Meanwhile, my Prius was recalled yesterday for a wiring harness that could catch fire. Most cars have recalls. There are four recalls for the 2016 Envision, one for loss of braking, despite having been sold in China for two years before U.S. sales started.

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Response from NormT

9:45 pm September 6, 2018

There is a difference between defective parts of a car and defective installation. There's also defective drivers or AKA pedal misapplication in Toyota sudden-acceleration or at least that's what they told everybody or excessive pounds of weight on a key ring.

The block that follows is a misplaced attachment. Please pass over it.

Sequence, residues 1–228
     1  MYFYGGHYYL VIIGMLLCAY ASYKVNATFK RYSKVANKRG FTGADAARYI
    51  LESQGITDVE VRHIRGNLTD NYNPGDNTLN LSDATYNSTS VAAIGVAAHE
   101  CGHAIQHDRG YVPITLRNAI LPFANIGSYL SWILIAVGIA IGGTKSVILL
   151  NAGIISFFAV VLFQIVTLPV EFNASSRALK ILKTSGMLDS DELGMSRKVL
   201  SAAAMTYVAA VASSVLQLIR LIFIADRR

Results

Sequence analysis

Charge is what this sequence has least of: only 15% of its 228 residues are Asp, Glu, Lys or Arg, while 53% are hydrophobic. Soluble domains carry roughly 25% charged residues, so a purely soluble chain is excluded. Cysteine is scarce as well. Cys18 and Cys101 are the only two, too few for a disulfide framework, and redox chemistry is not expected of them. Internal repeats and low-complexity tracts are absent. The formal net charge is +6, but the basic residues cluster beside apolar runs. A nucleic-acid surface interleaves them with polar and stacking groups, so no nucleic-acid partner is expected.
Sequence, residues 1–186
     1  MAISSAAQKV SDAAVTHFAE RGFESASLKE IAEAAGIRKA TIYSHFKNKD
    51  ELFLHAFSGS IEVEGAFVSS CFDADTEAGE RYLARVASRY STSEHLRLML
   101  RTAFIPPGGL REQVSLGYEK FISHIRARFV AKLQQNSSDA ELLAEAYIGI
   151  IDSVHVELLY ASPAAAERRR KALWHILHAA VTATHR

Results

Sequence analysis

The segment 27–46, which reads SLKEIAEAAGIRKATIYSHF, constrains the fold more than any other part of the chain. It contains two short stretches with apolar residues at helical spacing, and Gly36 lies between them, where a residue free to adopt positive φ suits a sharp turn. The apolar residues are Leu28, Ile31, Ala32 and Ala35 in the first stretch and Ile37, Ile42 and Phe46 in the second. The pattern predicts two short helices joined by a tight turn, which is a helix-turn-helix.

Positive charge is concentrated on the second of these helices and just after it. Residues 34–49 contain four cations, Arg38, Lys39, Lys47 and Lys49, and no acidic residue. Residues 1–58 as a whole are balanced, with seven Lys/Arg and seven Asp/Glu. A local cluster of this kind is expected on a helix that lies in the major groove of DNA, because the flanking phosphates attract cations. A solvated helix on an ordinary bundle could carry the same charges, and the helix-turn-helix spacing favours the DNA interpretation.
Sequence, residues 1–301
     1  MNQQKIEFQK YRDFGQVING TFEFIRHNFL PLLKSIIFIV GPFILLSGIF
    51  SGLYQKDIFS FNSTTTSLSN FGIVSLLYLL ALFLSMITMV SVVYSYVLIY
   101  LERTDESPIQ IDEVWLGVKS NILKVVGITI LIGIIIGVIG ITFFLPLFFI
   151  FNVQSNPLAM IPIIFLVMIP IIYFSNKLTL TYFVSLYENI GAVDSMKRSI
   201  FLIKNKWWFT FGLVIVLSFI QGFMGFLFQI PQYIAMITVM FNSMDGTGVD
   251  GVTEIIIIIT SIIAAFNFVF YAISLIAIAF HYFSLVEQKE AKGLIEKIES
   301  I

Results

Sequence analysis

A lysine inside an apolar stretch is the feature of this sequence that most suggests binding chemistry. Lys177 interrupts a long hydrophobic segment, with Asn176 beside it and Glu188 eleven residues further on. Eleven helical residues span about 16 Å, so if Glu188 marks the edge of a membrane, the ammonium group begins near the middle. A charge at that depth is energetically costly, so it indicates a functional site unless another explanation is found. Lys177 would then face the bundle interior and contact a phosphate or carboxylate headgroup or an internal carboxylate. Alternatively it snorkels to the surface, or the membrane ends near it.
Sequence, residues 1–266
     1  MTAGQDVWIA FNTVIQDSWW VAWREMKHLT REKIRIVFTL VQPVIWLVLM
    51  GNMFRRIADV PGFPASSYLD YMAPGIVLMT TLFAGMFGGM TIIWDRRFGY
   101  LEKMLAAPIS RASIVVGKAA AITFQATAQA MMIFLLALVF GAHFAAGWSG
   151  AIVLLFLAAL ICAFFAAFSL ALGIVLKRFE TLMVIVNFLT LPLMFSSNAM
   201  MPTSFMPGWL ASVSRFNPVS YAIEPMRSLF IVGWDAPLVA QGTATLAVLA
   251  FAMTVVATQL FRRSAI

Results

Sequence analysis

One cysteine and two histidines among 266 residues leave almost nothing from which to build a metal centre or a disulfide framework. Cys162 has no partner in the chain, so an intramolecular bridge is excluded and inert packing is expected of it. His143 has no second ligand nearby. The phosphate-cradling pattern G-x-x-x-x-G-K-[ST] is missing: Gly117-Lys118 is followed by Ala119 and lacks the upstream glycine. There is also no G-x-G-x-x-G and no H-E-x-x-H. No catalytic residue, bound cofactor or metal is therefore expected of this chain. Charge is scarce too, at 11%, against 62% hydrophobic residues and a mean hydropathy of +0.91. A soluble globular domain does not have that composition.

I had a CTS V with that key and I still have my Saturn Sky with the old style ignition key which includes key ring house key and fob. Even jumping us set of railroad tracks by work would not fault the ignition key both cars also were autocross and raced on the track with no problem with the key ignition or the acessories on the key that are now 10-years old or older. But when we were sitting at a stoplight in my wife's 2012 Forester I pulled down on her pepper spray on her key ring and it shut the car off or a simulated catching of a pant leg clothing or leg warmers while she was laughing then she was not afterwards. It is easy to do.

Notice in your for recalls on the Buick Envision that one is a improper placed label or missing label a 4,500 cars and and over 300 bent brake lines which is probably the root cause of a improper installation because I don't believe they monitor and pressure test every brake line and can follow it through installation to attach it to a VIN.